“This is my third year doing this, and it is the kind of thing I’ll be doing every year for as long as I can,” she said. “I’ll keep inviting more and more people until I can’t have everyone at my house.”

Celebration on snowshoes

Anderson’s Angels is one of several dozen teams registered for the one-day event, along with local groups like Breckenridge Grand Vacations, Vail-Summit Orthopaedics and Alpine Bank.

The weekend kicks off tonight with the town of Frisco Pink Party, held at the Summit County Community and Senior Center in Frisco from 5-8 p.m. Runners can meet and mingle with other participants or register for the event on Saturday. Spots are still available, with fees set at $50 for adults or $35 for kids.

The snowshoe races are held Saturday on the trails at the Frisco Nordic Center. There are 3K, 5K and fun run courses for snowshoers of all ages and abilities. Like most races in the High Country, a handful of runners will come out to see just how fast they can tackle the course. But for Van Behren, the event is less about competition and more about a celebration: of life, of good health, of her mother.

“This event is just so much fun,” she said. “I’m looking forward to the party and the snowshoeing and everything else. This is just such a fun event.”

Unlike other Susan G. Komen events — say, the Race for the Cure in Denver this summer — the Snowshoe for the Cure is more of a low-key community event, with about 1,000 runners as opposed to more than 10,000. But that hardly affects the fundraising: This year, organizers want to raise $50,000, or about the same amount raised last year.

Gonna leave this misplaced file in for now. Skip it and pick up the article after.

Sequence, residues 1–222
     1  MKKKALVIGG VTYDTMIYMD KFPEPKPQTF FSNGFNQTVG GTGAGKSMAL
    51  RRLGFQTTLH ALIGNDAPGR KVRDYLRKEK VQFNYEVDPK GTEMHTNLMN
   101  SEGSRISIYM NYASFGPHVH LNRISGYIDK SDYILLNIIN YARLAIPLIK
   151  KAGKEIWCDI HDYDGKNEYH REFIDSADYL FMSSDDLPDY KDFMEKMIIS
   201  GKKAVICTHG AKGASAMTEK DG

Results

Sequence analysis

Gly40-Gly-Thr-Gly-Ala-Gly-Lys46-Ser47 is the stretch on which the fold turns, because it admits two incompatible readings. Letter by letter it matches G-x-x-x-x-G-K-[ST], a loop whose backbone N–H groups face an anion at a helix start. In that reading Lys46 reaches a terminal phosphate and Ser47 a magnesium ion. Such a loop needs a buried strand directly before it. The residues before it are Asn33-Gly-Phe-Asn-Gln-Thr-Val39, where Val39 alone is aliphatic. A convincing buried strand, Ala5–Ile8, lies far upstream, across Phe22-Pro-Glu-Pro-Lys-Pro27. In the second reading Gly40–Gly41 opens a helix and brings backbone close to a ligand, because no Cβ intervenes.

“This is a nice, intimate event,” said Kim Dykstra, communications manager with the town of Breckenridge and longtime Snowshoe for the Cure participant. “You’re out in nature, so it has a cool vibe to it, something that you don’t get at all of these fundraiser events.”

She admits she hasn’t registered quite yet — good thing participants can register as late as the day of the race — but she plans on snowshoeing again this weekend with her regular crew, Team Kaleidoscope. It’s a collection of locals organized by Rae Anderson, and like Van Behren’s Anderson’s Angels, just about everyone has been impacted by breast cancer.

For Dykstra, the event is incredibly near and dear. She was diagnosed with breast cancer in 2008 and recently celebrated eight years free of cancer. Her story is one of thousands on the Nordic trails this weekend, and she admits that every year brings a new batch of bittersweet tales: friends who are in remission, friends who are in treatment, friends who have passed away.

“I’m one of the lucky ones,” she said. “I recently had a friend who passed from breast cancer this last year, so this just becomes a time for me and others to come together and remember all the people who have been there before, the people who are still living now and the people who might not be (with us) anymore.”